Whether you’re thinking about issuing a supplementary card or applying for a student credit card, letting your teenager have their first credit card is certainly safer than carrying cash. On the other hand, leaving a credit card in the hands of a teenager could pose risks such as overspending or sharing card details. To help you decide whether your teenager is ready for a credit card, keep reading for key points to consider. Pro: Your teenager can access funds in case of emergency or when travelling abroad Giving your teenager a credit card can be helpful in case of emergencies when there are last-minute needs such as purchasing medicine or a phone charger. Also, having a credit card can be especially useful if your child plans to study overseas or travel abroad after the pandemic. Carrying foreign currency can also be cumbersome and unsafe, especially in countries where pickpocketing or theft is common. Pro: Earn rebates and perks for more savings Many student credit cards ... » Learn More about Does your teenager really need a credit card?
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HUGE CROWDS. People raise their phone lights as they take part in a pro-democracy rally in Wan Chai in Hong Kong on December 8, 2019. Photo by Alastair Pike / AFP HONG KONG (3rd UPDATE) – Vast crowds of democracy protesters thronged Hong Kong's streets on Sunday, December 8, in a forceful display of support for the movement as it marks six months with organisers warning the city's pro-Beijing leaders they had a "last chance" to end the political crisis. Hundreds of thousands snaked their way through the financial hub's main island under crisp winter skies in the biggest turnout for months, a vivid illustration of the hostility that still seethes towards the government after half a year of unrest. (READ: 6 months of sacrifice: Hong Kong's protesters remain defiant ) As night fell the crowds switched on their mobile phone torches, creating a glittering carpet of lights that stretched far into the distance, their chants bouncing off the towering ... » Learn More about Hong Kongers mark half a year of protest with mammoth rally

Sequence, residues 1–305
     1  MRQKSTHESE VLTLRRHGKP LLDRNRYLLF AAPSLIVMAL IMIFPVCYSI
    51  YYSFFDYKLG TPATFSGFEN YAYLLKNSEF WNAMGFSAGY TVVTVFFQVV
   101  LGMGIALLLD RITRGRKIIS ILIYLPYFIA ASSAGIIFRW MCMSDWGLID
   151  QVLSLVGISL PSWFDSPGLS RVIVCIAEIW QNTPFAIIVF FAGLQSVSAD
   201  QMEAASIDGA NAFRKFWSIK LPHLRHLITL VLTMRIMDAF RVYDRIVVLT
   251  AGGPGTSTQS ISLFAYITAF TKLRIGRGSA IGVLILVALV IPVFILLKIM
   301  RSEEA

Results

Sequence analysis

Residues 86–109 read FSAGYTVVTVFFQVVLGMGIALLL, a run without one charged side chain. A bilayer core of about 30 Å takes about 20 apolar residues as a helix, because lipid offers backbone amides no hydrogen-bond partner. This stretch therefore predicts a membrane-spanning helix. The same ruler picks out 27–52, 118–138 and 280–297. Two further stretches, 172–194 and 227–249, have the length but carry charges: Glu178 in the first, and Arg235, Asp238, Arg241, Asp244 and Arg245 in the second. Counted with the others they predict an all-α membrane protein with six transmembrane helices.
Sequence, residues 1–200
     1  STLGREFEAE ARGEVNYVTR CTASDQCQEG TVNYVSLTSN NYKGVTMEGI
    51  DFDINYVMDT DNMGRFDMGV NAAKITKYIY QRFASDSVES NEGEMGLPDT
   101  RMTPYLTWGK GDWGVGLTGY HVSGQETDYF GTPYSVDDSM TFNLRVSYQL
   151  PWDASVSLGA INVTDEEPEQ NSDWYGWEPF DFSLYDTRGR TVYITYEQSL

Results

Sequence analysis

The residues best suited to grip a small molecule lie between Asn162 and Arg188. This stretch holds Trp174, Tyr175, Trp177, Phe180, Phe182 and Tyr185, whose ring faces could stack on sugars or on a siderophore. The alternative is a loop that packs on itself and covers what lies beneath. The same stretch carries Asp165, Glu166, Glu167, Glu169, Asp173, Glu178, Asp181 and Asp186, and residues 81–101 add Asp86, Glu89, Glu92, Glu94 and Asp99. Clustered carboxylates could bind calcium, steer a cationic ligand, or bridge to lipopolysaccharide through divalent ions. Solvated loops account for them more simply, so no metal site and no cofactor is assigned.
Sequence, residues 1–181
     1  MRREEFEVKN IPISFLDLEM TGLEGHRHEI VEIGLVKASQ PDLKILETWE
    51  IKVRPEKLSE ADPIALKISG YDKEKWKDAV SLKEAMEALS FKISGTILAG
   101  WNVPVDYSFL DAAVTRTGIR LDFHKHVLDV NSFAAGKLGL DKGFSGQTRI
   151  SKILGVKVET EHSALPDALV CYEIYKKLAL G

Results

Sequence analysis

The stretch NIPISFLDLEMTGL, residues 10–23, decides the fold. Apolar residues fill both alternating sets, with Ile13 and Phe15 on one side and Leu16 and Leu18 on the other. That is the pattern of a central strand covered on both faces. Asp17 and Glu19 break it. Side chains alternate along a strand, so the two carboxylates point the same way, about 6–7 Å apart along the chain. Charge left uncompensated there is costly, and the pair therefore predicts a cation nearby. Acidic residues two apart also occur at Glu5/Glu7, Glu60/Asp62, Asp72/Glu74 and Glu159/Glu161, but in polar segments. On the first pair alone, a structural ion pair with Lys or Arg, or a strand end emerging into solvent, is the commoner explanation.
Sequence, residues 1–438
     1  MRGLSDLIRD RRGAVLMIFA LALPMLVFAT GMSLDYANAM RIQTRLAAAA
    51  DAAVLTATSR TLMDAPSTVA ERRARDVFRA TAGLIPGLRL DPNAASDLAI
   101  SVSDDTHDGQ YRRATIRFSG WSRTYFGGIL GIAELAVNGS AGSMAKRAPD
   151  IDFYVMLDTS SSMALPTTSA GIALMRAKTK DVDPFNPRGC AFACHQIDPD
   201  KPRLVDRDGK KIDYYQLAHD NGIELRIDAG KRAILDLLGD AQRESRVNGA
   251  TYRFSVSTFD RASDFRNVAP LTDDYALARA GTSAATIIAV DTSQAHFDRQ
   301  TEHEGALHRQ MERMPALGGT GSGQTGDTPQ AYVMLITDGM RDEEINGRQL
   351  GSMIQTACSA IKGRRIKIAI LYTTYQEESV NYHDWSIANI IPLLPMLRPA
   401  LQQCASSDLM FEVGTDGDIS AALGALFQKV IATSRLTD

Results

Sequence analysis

SINGAPORE: It’s easy to think of the Punggol we see today - with its skyline of new HDB housing blocks and construction cranes - as the definitive image of that neighbourhood. It would also be wrong to do so. The blueprint for Punggol's development as the "waterfront town of the 21st century" was first laid out in 1996. But before all this, the neighbourhood was a rustic fishing village, which gave way to pig farms and plantations when more Chinese immigrants arrived. And remnants of this past can still be seen, according to long-time residents like retired pilot Melvin Yeo, who remembers how the smell of pig farms would waft through the then-undeveloped estate. Or that the sea came right up to the doorstep of the houses of yesteryear, with residents able to moor their boats right in front of their homes. He was among the residents who showed us around Punggol old and new, taking us beneath the surface of a town seemingly etched out of construction blueprints and ... » Learn More about Up Your Alley: Punggol’s gleaming waterfront living steeped in rustic charm